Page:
Tuesday, 28 December 2010

Christmas feasting (part 3 - dessert)

Without further ado - the final course of my Christmas feast. Because Paul isn't a dessert lover, I decided to do a Christmassy version of one of the desserts he will eat - the tiramisu. Plus tiramisu is pretty much trifle, and for whatever reason trifles are a big part of a British Christmas. I reckon this is the best chocolate dessert I have ever, ever made. It's very rich, not very sweet and just gorgeous. It was so good that I am delighted I purchased a trifle bowl just for this occasion.

Chocolate chestnut tiramisu (serves about 8-10)

1 packet savoiardi biscuits (prob won't need all of them)
1 cup very strong coffee
1/4 cup dry marsala
180g very good dark chocolate
50ml marsala (extra)
3tbs caster sugar
seeds from 1 vanilla pod
2 eggs, separated
250g mascarpone
1 can (435g) unsweetened chestnut puree
200ml double cream
chocolate & marrons glace for garnishing

Mix the cooled coffee and marsala. Place a layer of savoiardi biscuits in the bottom of a trifle dish and pour half of the coffee mixture over it in an even layer.

In a glass bowl, mix the broken chocolate, sugar, extra marsala and vanilla. Place over a saucepan of simmering water, and beat until the chocolate is just melted, then add the eggyolks and whisk until it forms a frothy mousse. Remove from the heat & fold through the mascarpone and chestnut puree.

In a clean bowl, whisk the eggwhites to soft peaks. In two batches, fold the eggwhites through the chocolate mixture, until just combined, then pour half the moussey chocolate mixture over the layer of savoiardi in the trifle bowl.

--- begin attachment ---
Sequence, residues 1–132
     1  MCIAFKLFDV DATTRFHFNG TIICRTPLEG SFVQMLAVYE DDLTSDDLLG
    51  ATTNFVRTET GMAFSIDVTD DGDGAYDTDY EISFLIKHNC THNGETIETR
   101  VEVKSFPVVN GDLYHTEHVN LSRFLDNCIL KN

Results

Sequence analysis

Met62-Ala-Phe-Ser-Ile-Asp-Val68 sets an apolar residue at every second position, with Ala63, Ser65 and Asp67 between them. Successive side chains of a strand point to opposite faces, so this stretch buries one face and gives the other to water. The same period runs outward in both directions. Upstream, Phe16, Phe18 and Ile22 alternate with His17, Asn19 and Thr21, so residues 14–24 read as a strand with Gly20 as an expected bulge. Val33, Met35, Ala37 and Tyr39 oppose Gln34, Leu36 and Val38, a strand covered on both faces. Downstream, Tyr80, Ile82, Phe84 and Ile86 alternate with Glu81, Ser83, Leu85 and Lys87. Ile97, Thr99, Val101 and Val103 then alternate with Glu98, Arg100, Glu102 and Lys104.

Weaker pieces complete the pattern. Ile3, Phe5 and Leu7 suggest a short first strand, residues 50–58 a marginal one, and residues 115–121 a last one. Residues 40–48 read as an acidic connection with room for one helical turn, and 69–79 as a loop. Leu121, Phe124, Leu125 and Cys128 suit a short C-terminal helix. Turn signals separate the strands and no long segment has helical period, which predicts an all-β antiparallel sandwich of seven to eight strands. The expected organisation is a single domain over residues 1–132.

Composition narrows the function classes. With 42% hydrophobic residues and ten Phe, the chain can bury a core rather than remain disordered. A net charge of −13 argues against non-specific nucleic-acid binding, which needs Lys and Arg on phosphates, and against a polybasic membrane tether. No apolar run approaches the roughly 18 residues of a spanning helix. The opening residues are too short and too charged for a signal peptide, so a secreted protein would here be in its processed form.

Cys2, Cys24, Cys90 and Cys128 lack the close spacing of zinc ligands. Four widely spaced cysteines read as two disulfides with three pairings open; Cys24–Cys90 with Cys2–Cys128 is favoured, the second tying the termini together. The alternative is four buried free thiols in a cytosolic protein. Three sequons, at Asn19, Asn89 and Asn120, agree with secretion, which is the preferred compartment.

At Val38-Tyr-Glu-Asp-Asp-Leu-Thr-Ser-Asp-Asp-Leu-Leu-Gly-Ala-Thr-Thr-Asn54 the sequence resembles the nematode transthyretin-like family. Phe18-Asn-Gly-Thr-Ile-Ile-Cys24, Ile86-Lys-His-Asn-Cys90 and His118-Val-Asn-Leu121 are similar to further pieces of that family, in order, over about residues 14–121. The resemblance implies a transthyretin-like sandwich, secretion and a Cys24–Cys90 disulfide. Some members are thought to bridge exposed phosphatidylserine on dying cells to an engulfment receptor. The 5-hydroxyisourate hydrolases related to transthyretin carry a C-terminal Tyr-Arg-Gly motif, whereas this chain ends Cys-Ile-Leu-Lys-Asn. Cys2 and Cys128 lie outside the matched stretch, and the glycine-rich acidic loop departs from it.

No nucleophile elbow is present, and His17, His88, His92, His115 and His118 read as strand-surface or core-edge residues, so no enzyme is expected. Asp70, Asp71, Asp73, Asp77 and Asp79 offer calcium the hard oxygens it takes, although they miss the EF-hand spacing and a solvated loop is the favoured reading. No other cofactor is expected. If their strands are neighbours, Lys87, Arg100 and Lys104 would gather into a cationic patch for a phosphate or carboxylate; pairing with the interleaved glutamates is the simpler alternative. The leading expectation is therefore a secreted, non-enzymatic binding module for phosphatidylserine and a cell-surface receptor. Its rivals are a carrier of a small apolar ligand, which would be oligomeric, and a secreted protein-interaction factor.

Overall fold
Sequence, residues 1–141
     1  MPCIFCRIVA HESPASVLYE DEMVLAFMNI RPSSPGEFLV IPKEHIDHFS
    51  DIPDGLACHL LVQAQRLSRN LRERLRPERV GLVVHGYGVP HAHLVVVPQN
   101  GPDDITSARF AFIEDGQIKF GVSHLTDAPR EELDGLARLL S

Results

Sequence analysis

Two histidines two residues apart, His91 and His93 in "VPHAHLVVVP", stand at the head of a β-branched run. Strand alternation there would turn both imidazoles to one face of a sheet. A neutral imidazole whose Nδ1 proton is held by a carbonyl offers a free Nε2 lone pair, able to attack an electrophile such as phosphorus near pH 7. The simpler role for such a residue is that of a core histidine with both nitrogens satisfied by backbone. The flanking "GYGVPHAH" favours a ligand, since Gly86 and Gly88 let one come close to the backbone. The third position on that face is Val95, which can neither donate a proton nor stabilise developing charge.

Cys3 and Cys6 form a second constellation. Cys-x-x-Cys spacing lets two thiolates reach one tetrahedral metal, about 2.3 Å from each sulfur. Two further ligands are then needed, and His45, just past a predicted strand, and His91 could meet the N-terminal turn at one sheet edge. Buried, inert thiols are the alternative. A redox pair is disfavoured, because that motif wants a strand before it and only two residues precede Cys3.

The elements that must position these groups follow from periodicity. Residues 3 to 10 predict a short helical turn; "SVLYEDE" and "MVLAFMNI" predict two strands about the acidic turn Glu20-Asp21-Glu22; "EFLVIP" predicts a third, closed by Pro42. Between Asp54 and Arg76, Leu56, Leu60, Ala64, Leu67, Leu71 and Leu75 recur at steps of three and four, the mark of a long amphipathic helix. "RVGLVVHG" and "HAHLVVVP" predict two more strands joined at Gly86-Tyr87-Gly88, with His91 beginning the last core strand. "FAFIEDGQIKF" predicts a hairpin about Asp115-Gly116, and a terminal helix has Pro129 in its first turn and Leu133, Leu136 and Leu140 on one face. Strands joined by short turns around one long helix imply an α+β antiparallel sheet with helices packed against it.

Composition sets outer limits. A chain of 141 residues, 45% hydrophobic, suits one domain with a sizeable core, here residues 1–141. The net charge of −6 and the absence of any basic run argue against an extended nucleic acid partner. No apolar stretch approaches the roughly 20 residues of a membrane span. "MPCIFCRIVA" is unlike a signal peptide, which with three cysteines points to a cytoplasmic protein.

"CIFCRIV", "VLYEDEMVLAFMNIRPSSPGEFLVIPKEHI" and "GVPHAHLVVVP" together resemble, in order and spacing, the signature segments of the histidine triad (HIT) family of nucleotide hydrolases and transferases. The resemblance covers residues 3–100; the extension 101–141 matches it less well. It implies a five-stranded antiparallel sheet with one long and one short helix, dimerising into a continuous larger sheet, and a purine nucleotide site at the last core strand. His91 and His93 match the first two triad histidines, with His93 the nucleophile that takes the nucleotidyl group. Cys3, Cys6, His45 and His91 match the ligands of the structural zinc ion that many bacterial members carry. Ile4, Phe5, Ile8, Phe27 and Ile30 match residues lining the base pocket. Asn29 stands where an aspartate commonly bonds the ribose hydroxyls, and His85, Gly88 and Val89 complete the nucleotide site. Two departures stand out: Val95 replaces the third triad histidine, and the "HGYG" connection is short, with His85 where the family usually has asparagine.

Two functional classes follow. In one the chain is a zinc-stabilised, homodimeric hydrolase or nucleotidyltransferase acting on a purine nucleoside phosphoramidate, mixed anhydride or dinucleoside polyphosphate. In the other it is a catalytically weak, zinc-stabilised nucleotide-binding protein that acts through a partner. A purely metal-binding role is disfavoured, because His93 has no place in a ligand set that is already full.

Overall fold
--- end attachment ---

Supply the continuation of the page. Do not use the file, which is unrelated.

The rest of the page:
Place another layer of savoiardi gently over the chocolate mixture, and sprinkle with more of the coffee and marsala mixture. You may not need all of it to give them a good coating.

Pour the rest of the chocolate mixture over the second layer of savoiardi.

Whisk the cream to soft peaks, and spread over the chocolate mixture. Garnish with grated chocolate and pieces of marrons glace.

Cover with cling film and set aside in a cool place for a couple of hours before serving.

Monday, 27 December 2010

Christmas feasting (part 2 - main course)

I was quite determined that we were going to have goose as the centrepiece of our Christmas meal. Apparently roast goose has been the festive meat of Britain since the ancient Celts fattened them for Samhain, and I saw no reason to break with that tradition!

Of course, a goose is too big for two people, so when it was delivered on the 23rd I jumped into action with a sharp knife and a pair of poultry shears. The legs came off and were put into a bit of salt, to cure before making them into confit, to be eaten another day.

The breasts came off as well. One went into the fridge just as it was, to be browned in a frying pan before being finished in the oven on a rack over a dish of water. The other breast joined the legs being cured, although I made a slightly more flavoursome cure of mace, sugar, salt, fennel pollen and thyme. That breast was going to be hot smoked over lapsang souchong tea.

The large lumps of fat in the body cavity and most of the rest of the skin and fat went into a pan with some cold water, to render out the fat. A large piece of skin, plus whatever extra meat I could strip off, and the liver, were made into a sausage, which was also going to be smoked (this ended up tasting horrible, and it didn't make the final platter, so I won't mention it again).

Finally whatever was left of the carcass, along with the giblets, some stock veg and a bayleaf, went into a large pot with some cold water to be simmered for stock.

I decided that because it was just us sharing the celebration, the plating would look much nicer if I just made one large shared platter. Sauteed cabbage, cauliflower puree (I was going to make a celeriac mash, but I had a lot of cauliflower left from the canapes, so I combined it with an equal amount of mashed potato) topped with some of the goose scratchings rendered out of the fat. The smoked goose breast. The roast goose breast. And some of these pickled pears.